Like the 911 call.

The 911 call never came in. Crazy. You have to put that in.

Her case involves what we now know is a false confession — an admission to grabbing a necklace off of someone in the car. You’ve got to put her on to explain how it is she said something that is untrue. You have to. You have to put her on to say “This detective was yelling at me, screaming at me, telling me I’m a liar over and over. He was pointing at me, standing over at me, staring at me. I’ve never been in the system before. I’ve never been arrested before. I was scared. I thought I was going to go home.”

Imagine if she stood at the podium and said those words, and the 911 call was introduced. There might have been a different outcome in the court that day. That was a complete failure of justice—and that happens every single day in courts throughout the country where folks don’t get represented the way they should.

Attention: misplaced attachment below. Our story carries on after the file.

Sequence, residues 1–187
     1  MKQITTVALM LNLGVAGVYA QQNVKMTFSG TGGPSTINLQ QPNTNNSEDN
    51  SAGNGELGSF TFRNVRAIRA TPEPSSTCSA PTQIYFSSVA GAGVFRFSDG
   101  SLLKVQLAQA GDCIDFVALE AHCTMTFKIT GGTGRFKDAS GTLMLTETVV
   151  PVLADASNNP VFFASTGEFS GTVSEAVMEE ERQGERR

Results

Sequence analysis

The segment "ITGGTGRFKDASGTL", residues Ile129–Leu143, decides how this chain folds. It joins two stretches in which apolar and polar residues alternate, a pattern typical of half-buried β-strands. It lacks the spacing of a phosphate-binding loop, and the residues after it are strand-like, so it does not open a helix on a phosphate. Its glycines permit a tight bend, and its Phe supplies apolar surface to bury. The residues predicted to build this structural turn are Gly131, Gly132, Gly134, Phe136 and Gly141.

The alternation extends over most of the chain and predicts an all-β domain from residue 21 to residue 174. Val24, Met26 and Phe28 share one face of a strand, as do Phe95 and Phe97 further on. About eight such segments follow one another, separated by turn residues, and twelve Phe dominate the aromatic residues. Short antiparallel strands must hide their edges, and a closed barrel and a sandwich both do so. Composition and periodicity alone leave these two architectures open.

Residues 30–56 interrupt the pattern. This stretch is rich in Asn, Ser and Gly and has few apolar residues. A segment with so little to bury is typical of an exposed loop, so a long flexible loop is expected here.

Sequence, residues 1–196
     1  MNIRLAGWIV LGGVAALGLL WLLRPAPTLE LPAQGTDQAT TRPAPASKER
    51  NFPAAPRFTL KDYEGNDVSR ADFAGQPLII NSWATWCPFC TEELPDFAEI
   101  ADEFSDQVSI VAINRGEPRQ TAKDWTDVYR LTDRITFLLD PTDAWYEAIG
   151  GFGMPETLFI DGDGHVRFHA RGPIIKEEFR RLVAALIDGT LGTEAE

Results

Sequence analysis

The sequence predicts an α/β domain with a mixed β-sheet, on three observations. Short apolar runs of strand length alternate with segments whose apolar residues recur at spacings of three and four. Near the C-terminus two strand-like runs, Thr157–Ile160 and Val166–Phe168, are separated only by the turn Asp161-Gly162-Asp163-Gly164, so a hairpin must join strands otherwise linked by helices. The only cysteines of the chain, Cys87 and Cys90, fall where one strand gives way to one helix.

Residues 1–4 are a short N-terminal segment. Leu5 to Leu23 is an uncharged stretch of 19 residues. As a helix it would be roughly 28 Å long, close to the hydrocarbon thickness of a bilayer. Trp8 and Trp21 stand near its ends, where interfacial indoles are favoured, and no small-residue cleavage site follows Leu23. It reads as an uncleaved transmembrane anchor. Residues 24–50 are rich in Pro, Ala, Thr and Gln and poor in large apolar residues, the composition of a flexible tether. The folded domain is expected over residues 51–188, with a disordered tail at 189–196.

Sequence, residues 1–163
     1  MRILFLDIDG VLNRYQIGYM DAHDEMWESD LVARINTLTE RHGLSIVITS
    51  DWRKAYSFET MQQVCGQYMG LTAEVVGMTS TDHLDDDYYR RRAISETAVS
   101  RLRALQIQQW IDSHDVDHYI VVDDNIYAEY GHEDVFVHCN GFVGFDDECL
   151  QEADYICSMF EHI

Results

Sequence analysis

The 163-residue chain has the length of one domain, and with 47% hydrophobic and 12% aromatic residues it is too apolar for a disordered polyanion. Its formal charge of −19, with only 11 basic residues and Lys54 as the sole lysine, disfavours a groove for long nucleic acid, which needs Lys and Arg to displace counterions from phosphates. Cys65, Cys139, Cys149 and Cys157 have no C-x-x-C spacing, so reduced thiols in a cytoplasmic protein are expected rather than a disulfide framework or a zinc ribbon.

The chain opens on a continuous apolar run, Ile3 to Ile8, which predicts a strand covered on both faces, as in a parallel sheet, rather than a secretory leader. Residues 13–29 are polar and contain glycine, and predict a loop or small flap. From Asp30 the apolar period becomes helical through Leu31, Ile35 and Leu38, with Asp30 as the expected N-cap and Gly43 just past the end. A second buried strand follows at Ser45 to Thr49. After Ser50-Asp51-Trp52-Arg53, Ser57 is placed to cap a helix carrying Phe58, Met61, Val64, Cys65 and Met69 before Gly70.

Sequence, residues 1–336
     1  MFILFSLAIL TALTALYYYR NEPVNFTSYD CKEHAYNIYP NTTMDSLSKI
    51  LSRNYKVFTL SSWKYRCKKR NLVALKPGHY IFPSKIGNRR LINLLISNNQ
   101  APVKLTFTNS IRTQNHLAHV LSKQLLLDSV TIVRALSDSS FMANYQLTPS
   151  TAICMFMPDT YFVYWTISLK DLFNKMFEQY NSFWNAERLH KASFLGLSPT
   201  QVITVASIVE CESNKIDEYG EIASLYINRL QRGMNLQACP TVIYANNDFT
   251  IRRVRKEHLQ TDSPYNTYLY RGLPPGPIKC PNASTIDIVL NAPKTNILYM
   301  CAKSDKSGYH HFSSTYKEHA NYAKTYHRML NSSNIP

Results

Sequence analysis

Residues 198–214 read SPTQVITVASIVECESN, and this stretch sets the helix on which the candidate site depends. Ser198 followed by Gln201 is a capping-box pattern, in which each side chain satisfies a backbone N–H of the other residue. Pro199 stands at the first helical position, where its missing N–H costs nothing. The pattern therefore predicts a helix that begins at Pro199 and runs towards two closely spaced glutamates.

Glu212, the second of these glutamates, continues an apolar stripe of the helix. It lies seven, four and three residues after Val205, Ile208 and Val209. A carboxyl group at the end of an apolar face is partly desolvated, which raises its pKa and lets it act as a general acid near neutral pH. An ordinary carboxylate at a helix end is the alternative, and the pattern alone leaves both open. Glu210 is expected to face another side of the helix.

Now how about the failures leading toward her release.

You know that we sought clemency—we were asking Gov. Kasich to pardon her or commute her sentence.  We spent nine months investigating the case. We got the 911 call. We talked to every one of the co-defendants who were convicted and got them polygraphs. Six people passed polygraphs saying “She’s not involved. She didn’t do it.” Six people can’t beat a polygraph each. We had that. We had affidavits from six of the jurors saying they never would’ve convicted her if they knew about the 911 call.

We went to the prosecutor and said, “Listen, here’s what we’ve submitted to the parole board. We wanted to talk to the prosecutor to see how we could work together to right a wrong.” Prosecutors are supposed to be about justice, not about preserving a conviction. They fought us every step of the way.